Mark Odendahl: Mike, that's great, and just some wonderful examples here how we're helping clients. Could you dig into some of the tools that you look to use and that you have used to develop this DIS project?

Mike Tran: We use multiple different layers of big data, alternative data to really help to shape our views. And like I mentioned, we work really closely with our great partners at RBC Elements, which, again, is our in- house data science team, where we work with them to curate mountains and mountains and mountains of data to try to understand what potential answers we could use to shape how we think about major problems in the global market. So we use a lot of geospatial analytics. This is really interesting in terms of understanding. This is cell phone pings, this is connected vehicle data, car data to try to understand how clusters of people are moving around in real time. Naturally, this gives a very good signal to noise ratio. And what I mean by that is, for example, if we're trying to understand the health of the consumer, one exercise that we've done over the course of the past year is we drew areas of interest around several dozen of the biggest shopping centers in America.

How many cell phone pings are going through each of these shopping centers in real time? Now, naturally, if there's an above average amount going through these shopping centers, you would be able to suggest that, well, the retail or consumers continue to be quite strong, and vice versa if you see a significant dip. So this is how we use geospatial analytics. Another example of some of the tools that we use are natural language processing. We write algorithms to funnel through hundreds and thousands of different documents to pull out different keywords to try to understand or augment how we should think about a view or which keyword searches are really important in terms of shaping our view for specific sectors or specific markets using neural networks to really augment how historically we've built models and as these models, as these neural networks take in more and more data in real time, they get smarter over time in terms of producing their output.

So our models effectively become more intelligent with more and more data that we take in. And like I mentioned, we're in very much an unprecedented period right now in terms of global markets. And so at that point I'll often ask and I'll say, " Look, if the world is changing so quickly and the world is moving in such unprecedented fashion, why are we on Wall Street still trying to solve evolving problems with the same tools and models that we used prior to the pandemic?" So our nowcasting work is really dedicated to helping clients call inflection points in a fast moving market. We're not economists, we're not equity analysts, but instead our goal is really to try to provide the additional nowcasting lens or what we like to think is an additional layer of intelligence into modeling traditional financial markets.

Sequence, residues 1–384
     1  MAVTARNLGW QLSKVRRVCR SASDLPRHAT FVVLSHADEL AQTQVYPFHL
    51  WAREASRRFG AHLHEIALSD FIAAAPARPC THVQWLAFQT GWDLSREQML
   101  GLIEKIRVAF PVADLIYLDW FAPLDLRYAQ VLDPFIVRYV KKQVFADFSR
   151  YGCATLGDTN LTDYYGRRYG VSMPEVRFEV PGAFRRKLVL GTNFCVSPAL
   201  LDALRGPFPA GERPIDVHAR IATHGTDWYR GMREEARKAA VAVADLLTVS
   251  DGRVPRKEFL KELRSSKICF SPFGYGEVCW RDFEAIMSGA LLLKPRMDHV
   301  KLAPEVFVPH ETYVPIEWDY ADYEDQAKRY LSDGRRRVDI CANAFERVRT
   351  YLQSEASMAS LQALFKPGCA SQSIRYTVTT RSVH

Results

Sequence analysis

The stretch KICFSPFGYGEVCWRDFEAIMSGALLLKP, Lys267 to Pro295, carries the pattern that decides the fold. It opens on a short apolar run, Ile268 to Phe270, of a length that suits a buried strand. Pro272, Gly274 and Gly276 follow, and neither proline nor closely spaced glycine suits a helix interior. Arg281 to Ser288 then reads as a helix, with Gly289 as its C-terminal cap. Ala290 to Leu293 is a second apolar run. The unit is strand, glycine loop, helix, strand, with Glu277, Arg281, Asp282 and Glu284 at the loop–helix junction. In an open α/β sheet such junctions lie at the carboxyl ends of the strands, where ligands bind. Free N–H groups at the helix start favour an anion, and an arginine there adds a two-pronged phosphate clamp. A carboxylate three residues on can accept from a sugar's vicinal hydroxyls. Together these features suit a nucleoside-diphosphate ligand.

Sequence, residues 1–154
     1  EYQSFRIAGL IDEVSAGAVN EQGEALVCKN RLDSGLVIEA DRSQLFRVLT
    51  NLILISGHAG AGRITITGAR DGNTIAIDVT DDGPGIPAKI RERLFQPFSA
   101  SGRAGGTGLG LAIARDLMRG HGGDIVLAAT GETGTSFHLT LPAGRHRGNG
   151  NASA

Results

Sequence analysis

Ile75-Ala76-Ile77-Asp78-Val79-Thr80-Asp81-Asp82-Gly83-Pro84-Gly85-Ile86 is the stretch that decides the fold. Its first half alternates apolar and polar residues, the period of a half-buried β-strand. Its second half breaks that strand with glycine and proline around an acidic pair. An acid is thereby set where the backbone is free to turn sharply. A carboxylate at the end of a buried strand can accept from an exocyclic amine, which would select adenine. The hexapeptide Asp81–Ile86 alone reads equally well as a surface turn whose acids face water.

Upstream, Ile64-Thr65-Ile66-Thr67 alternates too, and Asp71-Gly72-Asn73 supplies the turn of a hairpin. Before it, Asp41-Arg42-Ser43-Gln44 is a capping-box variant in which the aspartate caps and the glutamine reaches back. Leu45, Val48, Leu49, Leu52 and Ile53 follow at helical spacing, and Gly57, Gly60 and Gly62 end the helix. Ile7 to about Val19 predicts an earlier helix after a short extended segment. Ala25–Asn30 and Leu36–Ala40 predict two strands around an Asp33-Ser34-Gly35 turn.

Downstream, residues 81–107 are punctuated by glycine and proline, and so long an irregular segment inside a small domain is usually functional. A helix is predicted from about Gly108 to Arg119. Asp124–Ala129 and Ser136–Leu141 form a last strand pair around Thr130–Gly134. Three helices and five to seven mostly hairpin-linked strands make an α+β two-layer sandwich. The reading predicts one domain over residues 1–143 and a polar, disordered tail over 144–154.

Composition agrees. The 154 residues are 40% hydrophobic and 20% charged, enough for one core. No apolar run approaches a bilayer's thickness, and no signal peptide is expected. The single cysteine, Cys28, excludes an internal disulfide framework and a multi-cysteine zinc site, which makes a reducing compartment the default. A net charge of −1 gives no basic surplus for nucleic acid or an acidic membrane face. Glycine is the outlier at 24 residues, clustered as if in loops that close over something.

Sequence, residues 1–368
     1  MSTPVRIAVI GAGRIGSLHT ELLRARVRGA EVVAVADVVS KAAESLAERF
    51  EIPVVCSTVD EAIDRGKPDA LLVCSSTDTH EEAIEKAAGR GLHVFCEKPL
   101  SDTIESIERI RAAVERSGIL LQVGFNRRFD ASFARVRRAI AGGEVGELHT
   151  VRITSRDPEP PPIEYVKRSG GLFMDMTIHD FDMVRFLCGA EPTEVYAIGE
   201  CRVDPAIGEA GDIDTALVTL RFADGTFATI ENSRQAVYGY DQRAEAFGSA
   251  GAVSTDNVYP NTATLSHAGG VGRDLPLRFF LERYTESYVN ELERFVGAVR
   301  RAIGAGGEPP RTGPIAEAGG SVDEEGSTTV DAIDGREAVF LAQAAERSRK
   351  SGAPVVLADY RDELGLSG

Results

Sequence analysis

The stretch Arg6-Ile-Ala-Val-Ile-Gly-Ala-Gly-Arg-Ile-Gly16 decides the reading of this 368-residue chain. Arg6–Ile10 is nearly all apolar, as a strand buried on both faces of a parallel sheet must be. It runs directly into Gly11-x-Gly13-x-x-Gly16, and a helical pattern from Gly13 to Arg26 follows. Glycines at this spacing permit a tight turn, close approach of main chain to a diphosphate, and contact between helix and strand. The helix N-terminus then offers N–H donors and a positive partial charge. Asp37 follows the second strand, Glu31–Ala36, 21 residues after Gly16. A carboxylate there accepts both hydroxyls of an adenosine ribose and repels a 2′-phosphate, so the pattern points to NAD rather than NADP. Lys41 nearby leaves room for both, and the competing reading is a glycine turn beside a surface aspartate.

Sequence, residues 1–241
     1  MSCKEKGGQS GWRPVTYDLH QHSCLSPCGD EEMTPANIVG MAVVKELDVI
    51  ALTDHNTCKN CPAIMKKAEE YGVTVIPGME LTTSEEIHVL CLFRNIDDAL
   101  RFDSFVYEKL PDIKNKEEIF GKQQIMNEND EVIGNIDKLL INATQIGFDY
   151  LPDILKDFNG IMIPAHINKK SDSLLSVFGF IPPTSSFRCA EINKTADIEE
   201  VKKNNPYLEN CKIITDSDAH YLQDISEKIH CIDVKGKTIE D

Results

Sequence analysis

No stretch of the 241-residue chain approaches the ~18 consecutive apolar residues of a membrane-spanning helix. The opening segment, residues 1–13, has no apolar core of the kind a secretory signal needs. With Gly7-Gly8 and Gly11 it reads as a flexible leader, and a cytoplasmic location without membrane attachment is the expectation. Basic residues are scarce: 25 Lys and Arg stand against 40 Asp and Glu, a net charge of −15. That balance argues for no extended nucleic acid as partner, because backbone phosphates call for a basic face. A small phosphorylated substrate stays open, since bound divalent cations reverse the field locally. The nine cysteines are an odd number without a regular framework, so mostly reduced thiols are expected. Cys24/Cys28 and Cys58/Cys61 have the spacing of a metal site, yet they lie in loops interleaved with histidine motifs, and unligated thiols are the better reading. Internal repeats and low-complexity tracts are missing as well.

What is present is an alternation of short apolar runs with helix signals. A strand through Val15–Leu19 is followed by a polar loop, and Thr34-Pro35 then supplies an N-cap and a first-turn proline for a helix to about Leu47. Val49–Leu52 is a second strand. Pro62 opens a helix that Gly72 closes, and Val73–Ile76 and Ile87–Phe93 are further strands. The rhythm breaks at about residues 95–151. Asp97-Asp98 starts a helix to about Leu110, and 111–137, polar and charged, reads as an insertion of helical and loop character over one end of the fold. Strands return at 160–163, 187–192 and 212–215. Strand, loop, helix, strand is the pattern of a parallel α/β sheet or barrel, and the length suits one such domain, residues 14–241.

Mark Odendahl: I thought one of the big products this year was you able to take a look at a major blind spot for the market and the economy as it relates to global supply chain. As you've said throughout this conversation, you've talked about real time data led, could you walk us through how you were able to accurately predict that these supply chain or logistics issues that we were suffering from in the US and how you were able to predict them taking longer to clean up?

Mike Tran: Needless to say, like you suggest, Mark, global supply chains, port congestion was really one of our most popular focus points of the past year. The client engagement was very, very strong. Now, as a recap, what we did was we used geospatial analytics to draw geofences around nearly two dozen of the world's largest and most important shipping ports. Additionally, we're able to monitor ship transponders for all of the container ships across the world. Now, by layering those two types of alternative data, we're able to track when each ship would enter our geofence at each port. And as such, we were able to really measure when a ship would enter our geofence at each port, discharge, and then exit our geoboundary as well. So in short, we're able to measure the rate of change at which the logistical chaos was either improving or getting worse at each port across the world.